Ivan Misner once spent one week on Necker Island – the tony 74-acre island in the British Virgin Islands that is entirely owned by billionaire Sir Richard Branson – because he met a guy at a convention.
And Misner is really good at networking.
“I stayed in touch with the person, and when there was an opportunity, I got invited to this incredible ethics program on Necker where I had a chance to meet Sir Richard. It all comes from building relationships with people,” said Misner, founder and chairman of BNI (Business Network International), a 32-year-old global business networking platform based in Charlotte, N.C., that has led CNN to call him “the father of modern networking.”
The why doesn’t matter most, Misner said. A person’s approach to networking, regardless of the hoped-for outcome, should always remain the same.
“The two key themes that I would address would be the mindset and the skill set,” he said.
The mindset is making sure one’s approach doesn’t “feel artificial,” Misner said.
“A lot of people, when they go to some kind of networking environment, they feel like they need to get a shower afterwards and think, ‘Ick, I don’t like that,’” Misner said. “The best way to become an effective networker is to go to networking events with the idea of being willing to help people and really believe in that and practice that. I’ve been doing this a long time and where I see it done wrong is when people use face-to-face networking as a cold-calling opportunity.”
Instead, Misner suggests, approach networking like it is “more about farming than it is about hunting.” Cultivate relationships with time and tenacity and don’t just expect them to be instant. Once the approach is set, Misner has a process he calls VCP – visibility, credibility, and profitability.
“Credibility is what takes time,” he said. “You really want to build credibility with somebody. It doesn’t happen overnight. People have to get to know, like, and trust you. It is the most time consuming portion of the VCP process... then, and only then, can you get to profitability. Where people know who you are, they know what you do, they know you’re good at it, and they’re willing to refer a business to you. They’re willing to put you in touch with other people.”
But even when a relationship gets struck early on, networking must be more than a few minutes at an SHM conference, a local chapter mixer, or a medical school reunion.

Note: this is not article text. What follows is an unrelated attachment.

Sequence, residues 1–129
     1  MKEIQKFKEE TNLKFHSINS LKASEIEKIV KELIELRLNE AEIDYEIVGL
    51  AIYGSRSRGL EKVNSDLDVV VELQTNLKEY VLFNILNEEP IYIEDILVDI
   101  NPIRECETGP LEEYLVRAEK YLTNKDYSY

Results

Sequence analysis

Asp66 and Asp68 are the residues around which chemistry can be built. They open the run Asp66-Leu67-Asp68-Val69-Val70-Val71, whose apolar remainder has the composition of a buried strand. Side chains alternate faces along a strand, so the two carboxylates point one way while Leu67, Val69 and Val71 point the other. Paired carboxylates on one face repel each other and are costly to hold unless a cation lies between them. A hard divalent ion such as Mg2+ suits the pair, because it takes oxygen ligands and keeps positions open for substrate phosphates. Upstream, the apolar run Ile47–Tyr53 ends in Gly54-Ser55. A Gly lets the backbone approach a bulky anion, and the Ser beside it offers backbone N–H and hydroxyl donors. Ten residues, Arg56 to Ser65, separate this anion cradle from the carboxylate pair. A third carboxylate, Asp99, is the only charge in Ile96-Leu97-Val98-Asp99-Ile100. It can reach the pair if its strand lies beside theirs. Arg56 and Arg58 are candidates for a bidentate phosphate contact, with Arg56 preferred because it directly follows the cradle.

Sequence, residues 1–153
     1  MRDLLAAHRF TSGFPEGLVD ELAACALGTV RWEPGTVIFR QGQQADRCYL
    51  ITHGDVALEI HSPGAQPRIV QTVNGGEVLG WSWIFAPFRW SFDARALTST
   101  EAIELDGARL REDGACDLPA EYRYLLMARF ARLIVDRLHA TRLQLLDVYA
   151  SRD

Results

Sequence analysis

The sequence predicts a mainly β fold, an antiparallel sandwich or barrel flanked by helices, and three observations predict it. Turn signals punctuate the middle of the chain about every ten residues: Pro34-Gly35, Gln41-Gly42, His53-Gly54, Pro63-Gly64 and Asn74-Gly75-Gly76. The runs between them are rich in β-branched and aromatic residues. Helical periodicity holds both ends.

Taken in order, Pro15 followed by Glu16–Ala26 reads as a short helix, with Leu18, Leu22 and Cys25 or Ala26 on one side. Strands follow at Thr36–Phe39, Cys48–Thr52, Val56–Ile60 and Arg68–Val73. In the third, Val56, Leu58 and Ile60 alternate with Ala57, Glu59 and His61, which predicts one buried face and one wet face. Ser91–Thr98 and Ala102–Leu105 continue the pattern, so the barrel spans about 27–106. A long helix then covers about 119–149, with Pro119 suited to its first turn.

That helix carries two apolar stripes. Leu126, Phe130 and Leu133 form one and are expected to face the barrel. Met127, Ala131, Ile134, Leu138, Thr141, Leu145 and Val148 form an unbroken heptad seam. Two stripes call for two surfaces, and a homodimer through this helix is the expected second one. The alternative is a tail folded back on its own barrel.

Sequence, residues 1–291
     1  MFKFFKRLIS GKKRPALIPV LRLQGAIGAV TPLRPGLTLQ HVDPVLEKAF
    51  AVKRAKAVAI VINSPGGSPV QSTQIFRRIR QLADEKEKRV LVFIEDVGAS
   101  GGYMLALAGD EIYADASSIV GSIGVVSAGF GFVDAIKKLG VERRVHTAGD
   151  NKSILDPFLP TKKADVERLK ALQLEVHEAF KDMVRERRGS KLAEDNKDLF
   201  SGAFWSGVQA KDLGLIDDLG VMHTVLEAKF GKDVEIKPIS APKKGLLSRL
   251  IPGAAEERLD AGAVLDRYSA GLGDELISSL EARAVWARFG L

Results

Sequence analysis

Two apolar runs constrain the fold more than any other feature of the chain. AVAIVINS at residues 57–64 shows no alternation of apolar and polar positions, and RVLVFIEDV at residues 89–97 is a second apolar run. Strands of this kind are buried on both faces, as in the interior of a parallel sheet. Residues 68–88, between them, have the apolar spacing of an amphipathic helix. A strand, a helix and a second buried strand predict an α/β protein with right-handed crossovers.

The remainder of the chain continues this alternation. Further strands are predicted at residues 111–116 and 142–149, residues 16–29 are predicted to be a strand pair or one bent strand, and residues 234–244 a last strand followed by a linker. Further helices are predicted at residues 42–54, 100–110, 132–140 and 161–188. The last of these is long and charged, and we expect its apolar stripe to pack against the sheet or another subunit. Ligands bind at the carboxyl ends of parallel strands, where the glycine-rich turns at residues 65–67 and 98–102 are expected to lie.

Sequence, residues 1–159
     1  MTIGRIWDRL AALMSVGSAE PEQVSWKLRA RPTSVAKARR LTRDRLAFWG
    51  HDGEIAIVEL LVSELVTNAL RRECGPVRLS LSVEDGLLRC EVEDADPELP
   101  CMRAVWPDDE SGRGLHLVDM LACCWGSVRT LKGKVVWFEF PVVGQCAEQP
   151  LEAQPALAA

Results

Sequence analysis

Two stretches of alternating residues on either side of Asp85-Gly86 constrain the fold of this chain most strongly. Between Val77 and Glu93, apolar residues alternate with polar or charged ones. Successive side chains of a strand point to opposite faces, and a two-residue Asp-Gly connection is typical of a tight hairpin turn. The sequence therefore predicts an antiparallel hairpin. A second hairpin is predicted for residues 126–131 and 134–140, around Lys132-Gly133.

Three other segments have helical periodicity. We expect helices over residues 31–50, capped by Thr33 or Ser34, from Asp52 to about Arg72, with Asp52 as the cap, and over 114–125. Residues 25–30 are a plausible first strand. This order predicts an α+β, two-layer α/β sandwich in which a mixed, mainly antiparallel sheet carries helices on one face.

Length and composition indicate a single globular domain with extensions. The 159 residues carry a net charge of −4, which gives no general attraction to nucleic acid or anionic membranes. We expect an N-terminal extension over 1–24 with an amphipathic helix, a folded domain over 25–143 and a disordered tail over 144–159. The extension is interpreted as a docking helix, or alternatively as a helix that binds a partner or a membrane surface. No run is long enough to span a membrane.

It’s the follow-up that makes all the impact. Misner calls that process 24/7/30.
Within 24 hours, send the person a note. An email, or even the seemingly lost art of a hand-written card. (If your handwriting is sloppy, Misner often recommends services that will send out legible notes on your behalf.)
Within a week, connect on social media. Focus on whatever platform that person has on their business card, or email signature. Connect where they like to connect to show the person you’re willing to make the effort.
Within a month, reach out to the person and set a time to talk, either face-to-face or via a telecommunication service like Skype.
“It’s these touch points that you make with people that build the relationship,” Misner said. “Without building a real relationship, there is almost no value in the networking effort because you basically are just waiting to stumble upon opportunities as opposed to building relationships and opportunities. It has to be more than just bumping into somebody at a meeting... otherwise you’re really wasting your time.”
Misner also notes that the point of networking is collaboration at some point. That partnership could be working on a research paper or a pilot project. Or just even getting a phone call returned to talk about something important to you.
“It’s not what you know or who you know, it’s how well you know each other that really counts,” he added. “And meeting people at events like HM17 is only the start of the process. It’s not the end of the process by any means, if you want to do this well.”